Changes To Whole Farm Insurance May Increase Use
Federal crop insurance is a safety net for many farmers and rural communities but it typically favors the big commodities like corn, soybeans, wheat and cotton. A few years ago, a new type of insurance emerged to cover everything grown or raised on a farm under one umbrella, even specialty crops like hemp and lavender that don’t have their own policies. It’s been slow to catch on but a few modifications may entice more farmers to get on board in 2020.
Jeff Schahczenski, an economist with the Butte-based organization National Center for Appropriate Technology, says Whole Farm Revenue Protection insurance takes a very different approach to what most farmers are used to. Instead of an insurance policy focusing on a specific crop, Whole Farm protects the income generated by a farm.
“Basically it says to the farmer: Grow the combination of crops you would like to grow, that you think would be the most profitable to make a living,” Schahczenski said.
Schahczenski says Whole Farm incentivizes people to diversify their operations. Farmers who grow more types of crops and raise livestock pay lower premiums.
He says not putting all your eggs in one basket makes good economic sense while also supporting better soil health, biodiversity and less dependence on chemical inputs.
This type of insurance is also really useful for producers who want to grow specialty crops.
“Production of lavender, interestingly, is kind of a hot thing around the country and people want to grow lavender. There’s no individual lavender policy in the United States,” Schahczenski said.
With Whole Farm, lavender would be covered.
Schahczenski helped get Whole Farm authorized with the 2014 Farm Bill. It’s the first crop insurance policy available in every county nationwide, which is a big deal.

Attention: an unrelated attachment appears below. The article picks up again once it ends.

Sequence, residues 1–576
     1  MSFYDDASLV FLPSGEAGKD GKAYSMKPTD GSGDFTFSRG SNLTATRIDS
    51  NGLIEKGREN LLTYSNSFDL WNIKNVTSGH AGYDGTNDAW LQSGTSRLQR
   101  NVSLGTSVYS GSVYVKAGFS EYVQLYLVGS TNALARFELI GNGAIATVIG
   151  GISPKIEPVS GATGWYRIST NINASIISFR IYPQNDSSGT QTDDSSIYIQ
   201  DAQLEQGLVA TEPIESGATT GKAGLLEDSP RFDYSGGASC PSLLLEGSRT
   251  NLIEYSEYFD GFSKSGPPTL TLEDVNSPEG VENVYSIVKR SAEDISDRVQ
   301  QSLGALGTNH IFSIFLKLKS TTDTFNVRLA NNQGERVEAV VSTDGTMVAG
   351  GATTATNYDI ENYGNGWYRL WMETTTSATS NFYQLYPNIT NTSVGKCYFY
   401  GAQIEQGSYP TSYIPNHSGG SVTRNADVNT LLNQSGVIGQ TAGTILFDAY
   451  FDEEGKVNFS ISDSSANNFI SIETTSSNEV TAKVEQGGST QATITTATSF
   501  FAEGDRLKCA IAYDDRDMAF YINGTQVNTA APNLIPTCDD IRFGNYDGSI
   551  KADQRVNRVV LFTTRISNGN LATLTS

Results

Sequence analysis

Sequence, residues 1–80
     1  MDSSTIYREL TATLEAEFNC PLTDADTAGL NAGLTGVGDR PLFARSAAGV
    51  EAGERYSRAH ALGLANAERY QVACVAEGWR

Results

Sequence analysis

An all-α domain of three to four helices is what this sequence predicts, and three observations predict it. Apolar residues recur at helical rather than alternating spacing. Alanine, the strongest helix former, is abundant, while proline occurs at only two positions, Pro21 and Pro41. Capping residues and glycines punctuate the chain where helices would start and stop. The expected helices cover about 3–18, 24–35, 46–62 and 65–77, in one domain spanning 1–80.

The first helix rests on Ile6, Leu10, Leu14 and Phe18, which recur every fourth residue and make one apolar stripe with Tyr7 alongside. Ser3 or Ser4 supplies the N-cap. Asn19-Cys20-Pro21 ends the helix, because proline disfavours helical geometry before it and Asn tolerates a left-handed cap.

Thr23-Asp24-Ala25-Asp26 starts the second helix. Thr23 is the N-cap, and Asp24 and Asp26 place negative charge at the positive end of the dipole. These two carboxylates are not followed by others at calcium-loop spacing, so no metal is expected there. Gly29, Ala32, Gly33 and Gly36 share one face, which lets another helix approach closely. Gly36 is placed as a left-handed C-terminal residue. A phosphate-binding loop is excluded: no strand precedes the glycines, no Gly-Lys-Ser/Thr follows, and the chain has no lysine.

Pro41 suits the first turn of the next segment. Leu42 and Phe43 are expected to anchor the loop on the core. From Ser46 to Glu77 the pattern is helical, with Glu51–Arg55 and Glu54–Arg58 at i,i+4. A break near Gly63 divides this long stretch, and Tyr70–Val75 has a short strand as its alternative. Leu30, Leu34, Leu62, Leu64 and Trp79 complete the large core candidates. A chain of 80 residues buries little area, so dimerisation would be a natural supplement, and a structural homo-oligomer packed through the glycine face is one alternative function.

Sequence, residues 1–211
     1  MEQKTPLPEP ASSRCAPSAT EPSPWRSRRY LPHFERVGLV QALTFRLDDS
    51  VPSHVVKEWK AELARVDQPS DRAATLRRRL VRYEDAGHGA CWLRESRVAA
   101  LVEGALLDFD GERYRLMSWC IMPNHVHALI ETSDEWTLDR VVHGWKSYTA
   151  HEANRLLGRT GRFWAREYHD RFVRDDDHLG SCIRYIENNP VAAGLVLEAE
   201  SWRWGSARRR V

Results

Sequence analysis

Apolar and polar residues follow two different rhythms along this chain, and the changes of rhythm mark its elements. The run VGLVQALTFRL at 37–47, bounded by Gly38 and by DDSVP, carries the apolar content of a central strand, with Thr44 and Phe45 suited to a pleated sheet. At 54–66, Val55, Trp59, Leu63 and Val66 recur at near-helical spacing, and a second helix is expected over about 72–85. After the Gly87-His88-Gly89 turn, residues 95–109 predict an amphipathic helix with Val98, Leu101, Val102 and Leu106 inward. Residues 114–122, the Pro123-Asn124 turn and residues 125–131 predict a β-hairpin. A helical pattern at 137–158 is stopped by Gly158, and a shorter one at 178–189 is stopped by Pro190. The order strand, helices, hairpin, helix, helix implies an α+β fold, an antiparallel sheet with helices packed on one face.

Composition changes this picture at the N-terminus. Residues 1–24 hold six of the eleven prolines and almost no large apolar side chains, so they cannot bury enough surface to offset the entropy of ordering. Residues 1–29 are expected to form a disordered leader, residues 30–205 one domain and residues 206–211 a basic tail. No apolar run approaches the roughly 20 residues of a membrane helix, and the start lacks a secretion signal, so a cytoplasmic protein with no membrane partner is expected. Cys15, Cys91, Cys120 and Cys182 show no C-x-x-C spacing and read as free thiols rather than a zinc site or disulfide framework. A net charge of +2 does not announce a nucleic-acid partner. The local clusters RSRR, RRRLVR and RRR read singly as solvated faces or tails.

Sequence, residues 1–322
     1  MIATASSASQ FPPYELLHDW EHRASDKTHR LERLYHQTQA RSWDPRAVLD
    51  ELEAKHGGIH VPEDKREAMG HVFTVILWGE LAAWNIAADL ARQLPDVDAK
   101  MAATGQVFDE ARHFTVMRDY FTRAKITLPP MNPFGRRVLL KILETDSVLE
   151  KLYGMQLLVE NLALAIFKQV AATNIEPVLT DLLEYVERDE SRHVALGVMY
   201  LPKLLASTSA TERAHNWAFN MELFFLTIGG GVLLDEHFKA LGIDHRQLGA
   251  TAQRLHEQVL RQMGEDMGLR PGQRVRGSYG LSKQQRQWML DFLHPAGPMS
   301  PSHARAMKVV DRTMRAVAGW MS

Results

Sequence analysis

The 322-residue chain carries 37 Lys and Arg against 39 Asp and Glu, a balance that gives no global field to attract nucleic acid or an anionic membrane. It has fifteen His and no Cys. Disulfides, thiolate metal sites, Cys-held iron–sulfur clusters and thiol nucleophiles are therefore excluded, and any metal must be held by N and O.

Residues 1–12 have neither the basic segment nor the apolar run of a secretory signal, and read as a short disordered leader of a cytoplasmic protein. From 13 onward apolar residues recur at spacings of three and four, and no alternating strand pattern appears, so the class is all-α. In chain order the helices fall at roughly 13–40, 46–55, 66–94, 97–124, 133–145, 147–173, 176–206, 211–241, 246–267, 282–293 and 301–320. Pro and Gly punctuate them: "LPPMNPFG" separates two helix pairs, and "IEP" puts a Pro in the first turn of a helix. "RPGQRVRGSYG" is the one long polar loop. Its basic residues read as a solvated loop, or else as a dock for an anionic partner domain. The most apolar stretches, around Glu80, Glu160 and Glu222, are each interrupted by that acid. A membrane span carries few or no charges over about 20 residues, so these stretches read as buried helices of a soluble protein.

But the adoption of this new type of insurance has been relatively slow. Around 2,200 policies were sold in the U.S. last year, with fewer than 60 in Montana, according to AgriPulse.
Schahczenski says part of that is because it’s hard for people to change.
“It’s just so different that people say, ‘Oh, I don’t know. That just seems too weird. I don’t want to try it,’” Schahczenski said.
He says getting Whole Farm also requires a little more paperwork, like turning in taxes which can make some people feel uncomfortable.
There have been some challenges with how coverage levels are determined, as well.
Farmers with Whole Farm can insure up to 85 percent of their average revenue. In the past, that average was based on the last five years. If one of those years had low yields due to something like drought or hail, that skewed the average and resulted in less coverage.
Schahczenski says deductibles will be lower this coming year and farmers will have the option of dropping a really bad year so the average more accurately reflects typical farm revenue.
He says more people may sign up now that the policy has been modified.
Doug Crabtree says being able to drop a bad year made a big difference. He uses the insurance policy for his 9,600-acre farm near Havre, where a small team grows 15 to 20 different small grains, pulses and oil seed crops.
“What we’re experiencing with climate change impacts, we’ve had insurance claims in two of the last five years. So when we did the math. If they hadn’t made that change, we probably would not have the policy today,” Crabtree said.
Crabtree was on a team to help design Whole Farm at the beginning stages, and he says there are still some kinks that need to be worked out. But he says he would encourage any farmer growing specialty crops or more than three or four types to meet with an insurance agent to get a quote.
Farmers have until March to sign up for their insurance policies.
Jeff Schahczenski with the National Center for Appropriate Technology will host a webinar Thursday morning about insuring hemp in 2020. Right now the only option of the burgeoning crop is with the Whole Farm Revenue Protection policy.